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Viewing A File With All The Special & Control Characters

April 18, 2013 0 Comments RSS Feed

Sometimes I want view a file and see all the tabs replaced with a tab character and see line endings clearly marked. This might be because I’m trying to parse the file somehow, writing a regex to match something, or I might be debugging some problem with special characters.

For example, I’ve had to deal with the output of a program looking like:

<br />
id	domain	name<br />
1	John Doe<br />
2	John Q. Public<br />

I was trying to process it with awk but, when looking at the output in a terminal, it wasn’t clear if spaces or tabs were seperating the different fields. So, I fonud a few ways to print something out and show all the special characters.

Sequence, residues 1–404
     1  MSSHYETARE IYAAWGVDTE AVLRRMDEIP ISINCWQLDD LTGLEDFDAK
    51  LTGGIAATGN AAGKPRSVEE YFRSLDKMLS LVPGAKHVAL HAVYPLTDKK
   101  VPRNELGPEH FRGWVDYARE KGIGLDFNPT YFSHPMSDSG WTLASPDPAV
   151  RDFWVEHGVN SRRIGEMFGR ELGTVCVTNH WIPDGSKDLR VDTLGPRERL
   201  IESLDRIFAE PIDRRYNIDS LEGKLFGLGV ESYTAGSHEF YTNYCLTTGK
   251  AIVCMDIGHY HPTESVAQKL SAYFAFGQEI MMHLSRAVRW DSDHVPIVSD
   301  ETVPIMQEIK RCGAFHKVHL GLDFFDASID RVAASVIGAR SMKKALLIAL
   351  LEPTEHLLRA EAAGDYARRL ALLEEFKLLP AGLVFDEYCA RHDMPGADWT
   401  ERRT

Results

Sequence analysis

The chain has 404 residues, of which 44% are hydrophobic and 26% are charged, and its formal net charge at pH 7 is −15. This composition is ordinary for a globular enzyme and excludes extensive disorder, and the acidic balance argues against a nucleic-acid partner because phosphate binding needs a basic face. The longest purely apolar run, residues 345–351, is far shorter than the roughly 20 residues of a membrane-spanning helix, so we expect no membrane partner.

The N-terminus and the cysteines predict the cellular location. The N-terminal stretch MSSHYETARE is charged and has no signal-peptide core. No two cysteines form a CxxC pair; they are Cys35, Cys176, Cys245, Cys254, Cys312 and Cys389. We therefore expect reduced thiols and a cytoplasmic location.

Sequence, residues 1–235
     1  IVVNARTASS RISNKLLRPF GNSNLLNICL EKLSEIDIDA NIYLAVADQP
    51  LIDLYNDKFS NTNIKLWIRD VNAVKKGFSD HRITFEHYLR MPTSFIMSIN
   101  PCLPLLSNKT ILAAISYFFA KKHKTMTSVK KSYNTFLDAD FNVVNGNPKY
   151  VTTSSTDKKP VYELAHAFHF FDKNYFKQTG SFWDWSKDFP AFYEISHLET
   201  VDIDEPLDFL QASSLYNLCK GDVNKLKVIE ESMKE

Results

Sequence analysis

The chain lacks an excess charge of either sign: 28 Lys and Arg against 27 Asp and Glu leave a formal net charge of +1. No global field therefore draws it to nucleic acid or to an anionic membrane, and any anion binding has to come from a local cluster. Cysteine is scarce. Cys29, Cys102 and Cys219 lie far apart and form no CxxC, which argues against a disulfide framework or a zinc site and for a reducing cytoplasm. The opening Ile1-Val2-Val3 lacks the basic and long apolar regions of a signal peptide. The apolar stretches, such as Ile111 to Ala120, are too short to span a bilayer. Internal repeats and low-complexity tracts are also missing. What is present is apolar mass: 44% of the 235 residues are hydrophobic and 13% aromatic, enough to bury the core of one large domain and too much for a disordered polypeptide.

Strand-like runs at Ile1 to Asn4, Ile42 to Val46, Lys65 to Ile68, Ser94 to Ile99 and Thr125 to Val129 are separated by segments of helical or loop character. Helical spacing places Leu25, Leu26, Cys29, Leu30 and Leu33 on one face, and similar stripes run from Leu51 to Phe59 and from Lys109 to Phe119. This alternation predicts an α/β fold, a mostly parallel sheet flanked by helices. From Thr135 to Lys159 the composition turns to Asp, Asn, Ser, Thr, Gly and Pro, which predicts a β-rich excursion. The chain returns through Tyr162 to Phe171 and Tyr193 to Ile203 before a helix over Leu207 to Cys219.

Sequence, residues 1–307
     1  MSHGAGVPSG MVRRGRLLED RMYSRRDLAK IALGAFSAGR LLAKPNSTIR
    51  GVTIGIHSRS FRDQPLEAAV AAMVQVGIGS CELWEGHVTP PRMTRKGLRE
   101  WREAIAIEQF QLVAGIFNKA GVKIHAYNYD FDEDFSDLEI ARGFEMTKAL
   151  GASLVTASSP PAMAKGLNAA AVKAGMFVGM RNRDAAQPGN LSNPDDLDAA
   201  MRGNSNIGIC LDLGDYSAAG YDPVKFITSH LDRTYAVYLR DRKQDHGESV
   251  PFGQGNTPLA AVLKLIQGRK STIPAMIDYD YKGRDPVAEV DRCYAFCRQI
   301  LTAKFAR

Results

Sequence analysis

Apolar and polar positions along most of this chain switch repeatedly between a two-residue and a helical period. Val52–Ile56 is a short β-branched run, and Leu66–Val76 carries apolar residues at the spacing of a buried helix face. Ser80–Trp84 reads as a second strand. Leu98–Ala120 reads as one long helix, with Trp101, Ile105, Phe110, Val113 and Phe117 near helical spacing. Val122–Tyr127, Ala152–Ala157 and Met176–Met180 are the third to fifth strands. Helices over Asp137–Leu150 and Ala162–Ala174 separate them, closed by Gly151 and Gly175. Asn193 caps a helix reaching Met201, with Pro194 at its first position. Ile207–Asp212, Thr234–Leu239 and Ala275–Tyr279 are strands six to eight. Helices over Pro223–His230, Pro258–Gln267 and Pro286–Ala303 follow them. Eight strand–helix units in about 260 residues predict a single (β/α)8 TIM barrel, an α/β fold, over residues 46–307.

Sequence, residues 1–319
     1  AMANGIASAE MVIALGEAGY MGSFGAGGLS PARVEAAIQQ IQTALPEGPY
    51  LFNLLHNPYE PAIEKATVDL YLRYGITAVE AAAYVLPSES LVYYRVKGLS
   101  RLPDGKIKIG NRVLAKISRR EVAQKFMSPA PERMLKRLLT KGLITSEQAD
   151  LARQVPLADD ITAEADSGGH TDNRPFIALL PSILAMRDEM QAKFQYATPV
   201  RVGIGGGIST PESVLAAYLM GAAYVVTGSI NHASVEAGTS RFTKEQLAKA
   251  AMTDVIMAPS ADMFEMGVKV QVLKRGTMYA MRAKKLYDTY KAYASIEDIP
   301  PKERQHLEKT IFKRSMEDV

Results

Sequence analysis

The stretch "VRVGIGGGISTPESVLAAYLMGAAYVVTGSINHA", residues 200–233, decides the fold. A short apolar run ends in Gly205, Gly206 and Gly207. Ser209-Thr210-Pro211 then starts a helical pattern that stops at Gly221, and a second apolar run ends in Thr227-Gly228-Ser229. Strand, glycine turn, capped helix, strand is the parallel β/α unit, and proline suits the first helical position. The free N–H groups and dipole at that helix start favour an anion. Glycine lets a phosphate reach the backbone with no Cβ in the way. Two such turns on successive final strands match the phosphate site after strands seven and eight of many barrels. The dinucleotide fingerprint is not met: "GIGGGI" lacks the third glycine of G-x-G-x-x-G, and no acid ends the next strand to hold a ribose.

cat has flags that will control showing non-printable and other special characters. If you want to see it all, just use ‘-A’.

<br />
$ cat -A foo.txt<br />
id^Idomain^Iname$<br />
1^^IJohn Doe$<br />
2^^IJohn Q. Public$<br />

I really don’t like how ‘^I’ is used for the tab character. I’m so used to writing and seeing ‘\t’ for tab characters, ‘^I’ really throws me off (not to mention it has the metacharacter ‘^’ in it means something else). This is why I prefer using sed.

sed has an ‘l’ operator that will print a file out in a ‘visually unambiguous’ form. See the ouput below:

<br />
$ sed -n l foo.txt<br />
id\tdomain\tname$<br />
1\\tJohn Doe$<br />
2\tlongest-domain-you-can-possibly-imagine-even-if-it-violates-rfc-10\<br />\tJohn Q. Public$<br />

sed took it upon itself to wrap the column for you which I really hate. Luckily GNU sed lets you specify the width you want to wrap it at. If you tell it 0, it won’t wrap it at all:

<br />
$ sed -n l0 foo.txt<br />
id\tdomain\tname$<br />
1\\tJohn Doe$<br />
2\\tJohn Q. Public$<br />

Posted in: Nexcess